The Workers of Reciprocity

2017. december 21., csütörtök

Former volunteers and European partners celebrated the twentieth anniversary of the existence of The Voluntary Diaconal Year in Hungary (ÖDE) on November 8th in Budapest. In a celebratory volume published for the anniversary, volunteers, staff members, and mentors write about how the volunteer service has changed them over the last twenty years. 

“Thank you for two decades when the Lord allowed many people to represent the unity of the body of Christ,” said Bishop Károly Fekete in the opening speech on I Corinthians 12:26-27. He said that the body parts have to be enrolled in the school of volunteering in order to function as a body, experiencing reciprocity.

“Volunteering is often only self-education, a search for a future, in which the venue of the volunteering is almost secondary. However, reciprocity is the basis of Christian volunteering,” said Bishop Karoly Fekete, adding that the gospel is about the law of reconciliation, according to which we satisfy each other's needs. He stressed that it is a good thing to go to each other, to suffer and to rejoice together, but Christ alone, in our suffering, in the joy of the world, and in the certainty of our repentance, saves us. That we have nothing that we have not received. Christ's love keeps account of us, creates a community of us, but he is looking for each of us individually.

“A single human being is insufficient,” the preacher emphasized, adding thanks to God for “giving us needs and desires that allow us to live together in a community of brothers and sisters.” Finally, Bishop Károly Fekete thanked everyone who worked for unity and asked for blessings for the next decades of service.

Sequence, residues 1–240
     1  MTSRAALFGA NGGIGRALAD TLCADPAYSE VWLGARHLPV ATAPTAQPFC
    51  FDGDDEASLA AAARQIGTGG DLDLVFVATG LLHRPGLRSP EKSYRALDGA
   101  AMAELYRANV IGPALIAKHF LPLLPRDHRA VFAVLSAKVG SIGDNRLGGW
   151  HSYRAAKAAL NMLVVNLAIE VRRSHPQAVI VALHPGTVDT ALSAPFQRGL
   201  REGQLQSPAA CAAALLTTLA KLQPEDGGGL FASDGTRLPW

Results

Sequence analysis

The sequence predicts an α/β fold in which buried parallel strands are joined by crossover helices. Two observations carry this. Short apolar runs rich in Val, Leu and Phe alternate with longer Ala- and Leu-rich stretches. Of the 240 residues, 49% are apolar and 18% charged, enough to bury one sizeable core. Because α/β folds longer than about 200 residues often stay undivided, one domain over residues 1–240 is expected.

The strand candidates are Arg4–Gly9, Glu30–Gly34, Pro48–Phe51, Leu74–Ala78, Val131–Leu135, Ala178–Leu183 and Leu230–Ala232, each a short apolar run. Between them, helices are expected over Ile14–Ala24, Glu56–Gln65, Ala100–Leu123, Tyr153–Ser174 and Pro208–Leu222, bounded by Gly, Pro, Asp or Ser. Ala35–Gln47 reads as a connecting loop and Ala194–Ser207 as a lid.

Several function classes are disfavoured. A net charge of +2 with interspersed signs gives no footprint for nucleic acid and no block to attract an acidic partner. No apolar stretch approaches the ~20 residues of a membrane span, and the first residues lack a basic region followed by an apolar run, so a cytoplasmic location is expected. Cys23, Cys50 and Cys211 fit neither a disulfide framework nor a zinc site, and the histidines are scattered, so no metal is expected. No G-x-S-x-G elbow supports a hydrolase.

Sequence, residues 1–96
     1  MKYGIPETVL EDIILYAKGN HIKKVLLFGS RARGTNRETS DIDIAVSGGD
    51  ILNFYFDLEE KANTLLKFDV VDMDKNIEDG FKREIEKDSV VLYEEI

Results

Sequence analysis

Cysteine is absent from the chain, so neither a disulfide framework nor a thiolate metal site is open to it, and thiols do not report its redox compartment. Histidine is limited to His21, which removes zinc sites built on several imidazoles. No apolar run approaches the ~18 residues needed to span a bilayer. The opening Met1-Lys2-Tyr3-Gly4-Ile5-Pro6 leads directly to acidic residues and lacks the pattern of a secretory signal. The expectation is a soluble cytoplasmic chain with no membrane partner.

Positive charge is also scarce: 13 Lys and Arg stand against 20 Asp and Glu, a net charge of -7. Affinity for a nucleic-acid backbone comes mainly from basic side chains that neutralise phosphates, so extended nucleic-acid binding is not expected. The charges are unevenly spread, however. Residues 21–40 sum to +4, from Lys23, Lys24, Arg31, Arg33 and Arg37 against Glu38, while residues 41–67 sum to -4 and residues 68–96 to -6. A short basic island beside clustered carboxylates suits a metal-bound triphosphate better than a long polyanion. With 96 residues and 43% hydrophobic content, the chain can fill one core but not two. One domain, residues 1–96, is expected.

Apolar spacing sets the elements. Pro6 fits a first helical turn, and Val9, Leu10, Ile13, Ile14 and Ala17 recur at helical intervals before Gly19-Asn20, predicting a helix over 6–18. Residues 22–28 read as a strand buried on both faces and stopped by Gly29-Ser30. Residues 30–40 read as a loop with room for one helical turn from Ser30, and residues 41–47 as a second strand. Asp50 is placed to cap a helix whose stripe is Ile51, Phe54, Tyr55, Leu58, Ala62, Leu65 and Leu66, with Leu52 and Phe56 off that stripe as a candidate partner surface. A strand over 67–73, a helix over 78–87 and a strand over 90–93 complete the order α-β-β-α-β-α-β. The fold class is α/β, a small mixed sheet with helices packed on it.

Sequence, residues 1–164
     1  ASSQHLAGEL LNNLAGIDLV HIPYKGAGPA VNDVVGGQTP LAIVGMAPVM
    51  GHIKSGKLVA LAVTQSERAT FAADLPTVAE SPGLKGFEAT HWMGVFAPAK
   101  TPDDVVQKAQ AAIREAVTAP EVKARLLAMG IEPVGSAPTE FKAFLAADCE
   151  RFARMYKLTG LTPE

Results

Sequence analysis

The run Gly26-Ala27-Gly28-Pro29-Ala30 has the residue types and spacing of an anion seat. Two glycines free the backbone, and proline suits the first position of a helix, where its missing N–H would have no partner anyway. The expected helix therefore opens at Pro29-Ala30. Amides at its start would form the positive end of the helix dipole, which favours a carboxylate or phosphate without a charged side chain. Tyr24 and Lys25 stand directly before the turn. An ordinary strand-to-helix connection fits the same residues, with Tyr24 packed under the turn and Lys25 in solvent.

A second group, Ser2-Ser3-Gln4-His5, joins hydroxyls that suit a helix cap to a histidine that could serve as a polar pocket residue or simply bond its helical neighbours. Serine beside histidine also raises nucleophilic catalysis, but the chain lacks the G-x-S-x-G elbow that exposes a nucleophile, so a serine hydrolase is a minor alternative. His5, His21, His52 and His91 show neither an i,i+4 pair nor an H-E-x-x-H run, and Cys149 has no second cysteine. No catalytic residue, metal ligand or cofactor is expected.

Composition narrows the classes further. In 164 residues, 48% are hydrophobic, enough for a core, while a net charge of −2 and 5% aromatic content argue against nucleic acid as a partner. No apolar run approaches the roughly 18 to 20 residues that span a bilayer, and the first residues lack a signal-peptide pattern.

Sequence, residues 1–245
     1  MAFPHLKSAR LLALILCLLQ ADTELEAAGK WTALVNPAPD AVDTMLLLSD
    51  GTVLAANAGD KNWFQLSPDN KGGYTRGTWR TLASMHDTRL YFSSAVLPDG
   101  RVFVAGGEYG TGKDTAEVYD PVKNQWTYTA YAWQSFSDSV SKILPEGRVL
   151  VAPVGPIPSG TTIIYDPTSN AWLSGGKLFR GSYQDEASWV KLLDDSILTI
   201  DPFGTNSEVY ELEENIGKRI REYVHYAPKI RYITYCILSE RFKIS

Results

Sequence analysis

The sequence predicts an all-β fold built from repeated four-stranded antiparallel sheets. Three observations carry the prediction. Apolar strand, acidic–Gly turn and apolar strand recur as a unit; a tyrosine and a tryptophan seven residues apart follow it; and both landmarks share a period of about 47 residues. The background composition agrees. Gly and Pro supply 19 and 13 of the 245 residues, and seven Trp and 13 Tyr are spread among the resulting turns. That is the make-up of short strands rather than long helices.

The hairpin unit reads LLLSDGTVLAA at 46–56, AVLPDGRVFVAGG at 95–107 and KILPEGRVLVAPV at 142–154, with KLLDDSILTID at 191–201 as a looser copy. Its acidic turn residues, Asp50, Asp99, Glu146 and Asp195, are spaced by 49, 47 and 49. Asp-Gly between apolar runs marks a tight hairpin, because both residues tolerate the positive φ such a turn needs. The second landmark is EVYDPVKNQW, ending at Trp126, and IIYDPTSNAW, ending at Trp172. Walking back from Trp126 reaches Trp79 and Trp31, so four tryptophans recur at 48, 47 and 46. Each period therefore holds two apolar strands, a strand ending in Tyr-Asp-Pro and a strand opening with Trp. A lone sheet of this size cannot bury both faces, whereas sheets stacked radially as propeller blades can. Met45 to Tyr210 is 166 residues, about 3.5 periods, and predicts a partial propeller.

The program office of the Diaconal Year works under the Hungarian Reformed Church Aid Organization, and was welcomed by Márton Juhász, managing director of the HRCA Organization, who himself served as a volunteer in England through this program at the beginning of the 2000s. In his personal reflection, he highlighted how his life path, his career choice as well as many other volunteers, has been fundamentally shaped by their ten month experience as volunteers. "I hope the next twenty years will be just as fruitful," added Márton Juhász.

Assembling the services of the fifteen countries on behalf of the Ecumenical Diaconal Year Network (EDYN) Janka Adameova, the chair of the organization, greeted the participants and emphasized that ÖDE was the EDYN's oldest long-term volunteer project partner in the Central and Eastern European region. "The ÖDE staff team is a deeply committed team with valuable professional experience, and we can learn a lot from them and whose experiences are worth sharing with others," she said. “The 500th anniversary of the Reformation reminds us of the daily reformation of our lives and the task of being the initiators of change in the communities where we live and serve.”

Emese Závodi, program leader, spoke about volunteering as a spiritual journey at the ceremony. Over the past two decades, looking back on one thousand and three hundred young people coming to Hungary and going to abroad, she emphasized: she wants to be a volunteer without power, but a real partner, to shape and be shaped by the environment, she added “It is a present and a blessing to accompany them in this experience.”

In the celebratory volume, volunteers share their experience of what the journey looked like. Both those from abroad coming to Hungary, or as Hungarians going to Western Europe emphasised: the 10-12 months offered to others in their lives was really important - because whoever once volunteered, continues to be shaped by their experience as a volunteer for the rest of their life. 

To Give One Year from Your Life- an interview with Rev. Emese Závodi, coordinator of the Volunatry Diaconal Year Program

 

Written by Zsuzsanna Bagdán

Originally published in Reformátusok Lapja

Translated by Ecumenical Office

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We encourage you to read our  former GM intern Kearstin Bailey's blog about her time, spent in Hungary.